Freshman year of college, I had a very powerful conversion experience, a born-again experience. It changed my life—forever. Jesus, in his great mercy, found me in my great moment of need.
One evening, I prayed an act of surrender, with faith the size of a mustard seed, and the next day I awoke filled with a mysterious peace and certainty that I was loved.
The fellow through whom this occurred, Dan, with whom I have lost touch, went on to become a pastor in the Christian Missionary & Alliance church, a denomination founded in 1887 by a Presbyterian minister, that today counts six million members worldwide.
Dan had me memorize a Bible verse that still sits prominently in my mind, a fitting verse for today:
Trust in the Lord with all your heart
and lean not on your own understanding.
In all your ways acknowledge Him,
and He will make your paths straight.
During Easter season, we have the joy of reading the Acts of the Apostles. Seen as a historical document by theologians until the 1950’s, it’s now viewed as a theological one. The “second chapter,” if you will, of Luke’s Gospel, it tells the story of the founding of the Christian Church, and its spread to the Roman Empire. Probably written in 80 – 90 C.E, it begins with Jesus’ promise to the apostles that the Holy Spirit would come to them.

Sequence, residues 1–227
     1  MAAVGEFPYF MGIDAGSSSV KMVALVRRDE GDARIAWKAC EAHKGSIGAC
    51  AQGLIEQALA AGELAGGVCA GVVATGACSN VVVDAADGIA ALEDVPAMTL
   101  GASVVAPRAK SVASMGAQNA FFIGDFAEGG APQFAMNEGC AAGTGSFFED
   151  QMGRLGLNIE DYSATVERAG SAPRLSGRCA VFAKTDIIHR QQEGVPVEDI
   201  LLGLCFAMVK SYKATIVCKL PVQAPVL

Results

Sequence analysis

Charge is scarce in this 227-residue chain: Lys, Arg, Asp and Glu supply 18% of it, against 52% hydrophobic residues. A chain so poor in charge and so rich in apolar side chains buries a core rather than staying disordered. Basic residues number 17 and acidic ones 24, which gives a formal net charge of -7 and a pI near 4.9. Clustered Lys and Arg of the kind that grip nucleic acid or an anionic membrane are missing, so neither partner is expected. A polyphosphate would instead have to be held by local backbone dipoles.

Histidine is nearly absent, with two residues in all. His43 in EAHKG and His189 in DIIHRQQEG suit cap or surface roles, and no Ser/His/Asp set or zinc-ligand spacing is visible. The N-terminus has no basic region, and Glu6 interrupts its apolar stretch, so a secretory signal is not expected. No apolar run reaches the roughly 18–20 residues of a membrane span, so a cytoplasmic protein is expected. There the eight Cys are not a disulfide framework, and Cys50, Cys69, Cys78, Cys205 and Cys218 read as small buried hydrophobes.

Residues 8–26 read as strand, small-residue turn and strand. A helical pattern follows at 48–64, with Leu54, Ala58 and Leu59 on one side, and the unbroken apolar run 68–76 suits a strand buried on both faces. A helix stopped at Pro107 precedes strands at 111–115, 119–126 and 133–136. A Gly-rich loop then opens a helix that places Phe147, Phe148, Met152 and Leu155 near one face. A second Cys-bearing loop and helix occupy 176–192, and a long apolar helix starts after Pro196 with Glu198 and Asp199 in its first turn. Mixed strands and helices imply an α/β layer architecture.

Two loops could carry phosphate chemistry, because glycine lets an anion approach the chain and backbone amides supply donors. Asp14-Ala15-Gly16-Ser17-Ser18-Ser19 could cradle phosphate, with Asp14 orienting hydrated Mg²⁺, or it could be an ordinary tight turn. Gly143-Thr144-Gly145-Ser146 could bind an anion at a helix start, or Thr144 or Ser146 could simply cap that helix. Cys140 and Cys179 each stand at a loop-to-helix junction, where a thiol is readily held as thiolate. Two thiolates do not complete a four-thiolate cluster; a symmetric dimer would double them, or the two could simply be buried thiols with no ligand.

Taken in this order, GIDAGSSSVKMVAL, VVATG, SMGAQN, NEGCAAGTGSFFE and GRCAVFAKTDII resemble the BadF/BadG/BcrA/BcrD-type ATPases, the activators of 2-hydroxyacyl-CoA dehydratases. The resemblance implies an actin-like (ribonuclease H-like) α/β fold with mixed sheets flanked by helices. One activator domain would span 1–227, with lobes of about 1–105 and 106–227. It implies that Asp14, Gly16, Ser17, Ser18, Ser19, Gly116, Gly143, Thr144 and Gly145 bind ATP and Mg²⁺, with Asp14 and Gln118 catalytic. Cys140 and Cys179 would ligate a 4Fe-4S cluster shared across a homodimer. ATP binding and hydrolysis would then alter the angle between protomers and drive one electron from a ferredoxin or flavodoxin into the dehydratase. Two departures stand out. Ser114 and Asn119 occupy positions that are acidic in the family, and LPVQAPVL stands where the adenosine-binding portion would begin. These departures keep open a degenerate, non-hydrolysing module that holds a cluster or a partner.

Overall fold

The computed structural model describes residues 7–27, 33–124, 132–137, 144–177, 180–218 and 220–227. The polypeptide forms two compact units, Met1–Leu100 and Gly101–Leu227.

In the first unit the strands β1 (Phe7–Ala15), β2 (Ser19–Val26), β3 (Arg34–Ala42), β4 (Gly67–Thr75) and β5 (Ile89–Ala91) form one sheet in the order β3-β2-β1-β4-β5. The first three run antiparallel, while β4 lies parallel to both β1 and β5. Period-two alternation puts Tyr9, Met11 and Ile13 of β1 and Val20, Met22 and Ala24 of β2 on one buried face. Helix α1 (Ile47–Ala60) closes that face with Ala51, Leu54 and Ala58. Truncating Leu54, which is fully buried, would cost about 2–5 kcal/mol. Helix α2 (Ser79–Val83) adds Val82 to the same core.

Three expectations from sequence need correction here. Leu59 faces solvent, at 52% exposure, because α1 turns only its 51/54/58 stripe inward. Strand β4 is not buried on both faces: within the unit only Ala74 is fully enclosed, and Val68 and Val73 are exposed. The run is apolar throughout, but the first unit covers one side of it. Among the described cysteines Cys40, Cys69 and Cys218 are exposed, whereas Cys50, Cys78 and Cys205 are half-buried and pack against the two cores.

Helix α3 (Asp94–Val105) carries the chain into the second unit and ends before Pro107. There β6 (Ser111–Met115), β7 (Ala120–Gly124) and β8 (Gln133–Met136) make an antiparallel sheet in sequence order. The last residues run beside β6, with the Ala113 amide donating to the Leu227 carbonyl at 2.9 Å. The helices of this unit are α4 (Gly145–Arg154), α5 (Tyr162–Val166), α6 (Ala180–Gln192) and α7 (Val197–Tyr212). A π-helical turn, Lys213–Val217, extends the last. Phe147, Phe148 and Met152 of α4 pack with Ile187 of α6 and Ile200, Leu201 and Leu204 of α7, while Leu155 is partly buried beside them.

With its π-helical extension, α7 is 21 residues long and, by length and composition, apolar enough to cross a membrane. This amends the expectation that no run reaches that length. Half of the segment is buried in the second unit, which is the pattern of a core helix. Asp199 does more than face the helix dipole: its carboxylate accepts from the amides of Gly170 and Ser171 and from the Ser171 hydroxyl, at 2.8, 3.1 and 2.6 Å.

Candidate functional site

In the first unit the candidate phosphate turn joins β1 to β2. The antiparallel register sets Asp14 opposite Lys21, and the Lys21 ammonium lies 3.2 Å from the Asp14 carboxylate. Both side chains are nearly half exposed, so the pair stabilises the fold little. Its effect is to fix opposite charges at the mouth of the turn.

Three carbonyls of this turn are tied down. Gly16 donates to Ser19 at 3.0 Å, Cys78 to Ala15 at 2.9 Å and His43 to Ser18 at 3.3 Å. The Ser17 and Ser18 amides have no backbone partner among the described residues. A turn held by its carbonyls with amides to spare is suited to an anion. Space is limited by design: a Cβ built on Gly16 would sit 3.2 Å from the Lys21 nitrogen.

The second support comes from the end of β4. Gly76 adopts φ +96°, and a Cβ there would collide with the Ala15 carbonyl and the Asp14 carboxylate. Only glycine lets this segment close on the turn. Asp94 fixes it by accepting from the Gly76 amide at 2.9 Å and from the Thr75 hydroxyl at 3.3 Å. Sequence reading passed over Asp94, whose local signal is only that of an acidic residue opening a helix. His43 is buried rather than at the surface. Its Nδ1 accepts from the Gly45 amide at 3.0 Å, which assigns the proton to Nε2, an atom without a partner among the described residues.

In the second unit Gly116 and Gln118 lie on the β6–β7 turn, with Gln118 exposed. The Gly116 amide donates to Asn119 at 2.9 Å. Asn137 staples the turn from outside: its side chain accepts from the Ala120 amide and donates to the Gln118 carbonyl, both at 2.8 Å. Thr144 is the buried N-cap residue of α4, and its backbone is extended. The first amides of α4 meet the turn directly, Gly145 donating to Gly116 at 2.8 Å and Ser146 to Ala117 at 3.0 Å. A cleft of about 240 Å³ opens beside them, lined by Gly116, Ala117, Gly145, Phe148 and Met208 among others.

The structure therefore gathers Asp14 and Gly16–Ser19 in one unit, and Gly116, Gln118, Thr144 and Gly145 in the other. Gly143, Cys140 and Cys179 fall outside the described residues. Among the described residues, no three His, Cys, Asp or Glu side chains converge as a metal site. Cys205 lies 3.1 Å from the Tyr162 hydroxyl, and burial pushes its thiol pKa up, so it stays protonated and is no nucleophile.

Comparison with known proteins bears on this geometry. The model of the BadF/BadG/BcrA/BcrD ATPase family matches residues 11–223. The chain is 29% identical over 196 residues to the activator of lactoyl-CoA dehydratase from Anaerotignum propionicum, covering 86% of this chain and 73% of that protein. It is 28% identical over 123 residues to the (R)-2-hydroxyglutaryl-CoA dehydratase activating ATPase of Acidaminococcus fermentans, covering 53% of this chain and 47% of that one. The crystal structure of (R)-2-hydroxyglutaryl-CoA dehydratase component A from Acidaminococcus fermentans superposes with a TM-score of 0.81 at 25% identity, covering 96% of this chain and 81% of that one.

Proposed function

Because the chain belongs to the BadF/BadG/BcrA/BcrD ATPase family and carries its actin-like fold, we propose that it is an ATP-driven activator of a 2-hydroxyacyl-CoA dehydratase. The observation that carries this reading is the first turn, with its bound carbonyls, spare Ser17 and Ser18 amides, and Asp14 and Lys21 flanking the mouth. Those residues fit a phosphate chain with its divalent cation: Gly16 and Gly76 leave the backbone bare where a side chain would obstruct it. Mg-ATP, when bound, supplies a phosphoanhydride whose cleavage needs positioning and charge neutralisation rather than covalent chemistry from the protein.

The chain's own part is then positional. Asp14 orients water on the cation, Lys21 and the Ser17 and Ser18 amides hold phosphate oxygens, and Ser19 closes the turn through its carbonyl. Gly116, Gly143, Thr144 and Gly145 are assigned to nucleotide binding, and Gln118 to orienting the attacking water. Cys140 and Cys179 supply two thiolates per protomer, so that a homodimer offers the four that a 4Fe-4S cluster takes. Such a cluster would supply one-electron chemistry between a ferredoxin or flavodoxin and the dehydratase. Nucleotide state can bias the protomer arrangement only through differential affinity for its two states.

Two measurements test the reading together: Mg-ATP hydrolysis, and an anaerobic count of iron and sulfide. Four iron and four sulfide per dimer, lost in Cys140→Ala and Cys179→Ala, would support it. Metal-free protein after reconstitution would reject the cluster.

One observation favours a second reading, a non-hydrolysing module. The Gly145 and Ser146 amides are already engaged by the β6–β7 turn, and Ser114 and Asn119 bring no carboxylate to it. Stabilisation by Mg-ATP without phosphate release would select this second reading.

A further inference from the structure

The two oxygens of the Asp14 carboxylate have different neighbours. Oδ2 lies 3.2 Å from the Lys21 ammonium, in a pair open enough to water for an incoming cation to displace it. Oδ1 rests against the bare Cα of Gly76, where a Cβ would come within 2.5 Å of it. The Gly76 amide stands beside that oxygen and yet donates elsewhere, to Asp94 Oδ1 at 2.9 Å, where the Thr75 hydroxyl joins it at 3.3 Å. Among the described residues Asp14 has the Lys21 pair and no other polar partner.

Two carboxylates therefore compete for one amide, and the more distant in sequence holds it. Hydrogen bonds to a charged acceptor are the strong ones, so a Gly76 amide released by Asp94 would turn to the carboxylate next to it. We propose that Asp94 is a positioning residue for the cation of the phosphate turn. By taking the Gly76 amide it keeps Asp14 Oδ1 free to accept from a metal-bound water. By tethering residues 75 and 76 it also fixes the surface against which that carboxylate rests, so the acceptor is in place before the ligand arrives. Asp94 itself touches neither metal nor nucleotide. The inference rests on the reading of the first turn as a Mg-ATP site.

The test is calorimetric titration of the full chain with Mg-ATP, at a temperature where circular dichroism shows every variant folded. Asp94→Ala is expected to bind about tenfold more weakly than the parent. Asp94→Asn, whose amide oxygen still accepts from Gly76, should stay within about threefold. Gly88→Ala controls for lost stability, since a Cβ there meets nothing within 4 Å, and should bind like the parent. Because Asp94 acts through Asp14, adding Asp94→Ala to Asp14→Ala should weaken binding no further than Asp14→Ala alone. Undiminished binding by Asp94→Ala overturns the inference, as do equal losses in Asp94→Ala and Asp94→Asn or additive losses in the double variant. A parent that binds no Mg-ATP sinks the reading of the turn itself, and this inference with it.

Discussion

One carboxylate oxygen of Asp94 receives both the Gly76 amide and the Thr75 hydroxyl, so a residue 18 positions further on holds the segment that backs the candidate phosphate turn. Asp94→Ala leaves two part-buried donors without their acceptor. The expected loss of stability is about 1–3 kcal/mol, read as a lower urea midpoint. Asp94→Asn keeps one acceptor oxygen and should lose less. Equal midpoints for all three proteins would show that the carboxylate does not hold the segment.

After the Spirit descends, in the coming glory of Pentecost Sunday (May 31), it tells of the acts done by the apostles. It tells of Peter’s conversion of the Gentiles to followers of Christ. It tells of Paul’s conversion on the road to Tarsus. It tells of the formation of the early church. Acts also tells the story of the gathering in Antioch, where the disciples were first called, “Christians” (Acts 11: 19-30). It is a story of the growth in presence and power of Jesus’ message.
Our Gospel for Sunday speaks of wonders and signs. In the confusing and unusual times we’re living in, people, for the most part, are obeying government guidelines on staying at home and social distancing. Food banks are busier than ever before. Neighbors are helping neighbors daily. Children are learning at home. Priests are learning to communicate in new and different ways. These, too, may be wonders and signs.
A new church polity may be forming. We’ll have to wait and see. But let us never doubt that the Holy Spirit is with us, as it was the disciples in Acts. Let us never doubt that Jesus’ love will be with us, and see us through.
Some people pray as they walk. Some pray by singing. Others maintain silence. Still others use prayer beads. There are many ways to pray. One of them is doodling. Do you ever doodle? You can intercede for people as you doodle and in the process create beautiful drawings that illustrate your connections with them.
This new prayer form can take as little or as much time as you have or want to commit. Drawing is half the prayer, the other half is transporting the visual memories or actual images with you to pray throughout the day.
Praying in Color is an active, meditative, playful prayer practice. It is both process and product. The process involves a re-entry into the childlike world of coloring and improvising. The product is a colorful design or drawing that is a visual reminder of the time spent in prayer.
Sybil Macbeth, my daughter Sophia’s godmother, is the originator of Praying in Color. To find out more about this new path to God, visit https://prayingincolor.com/.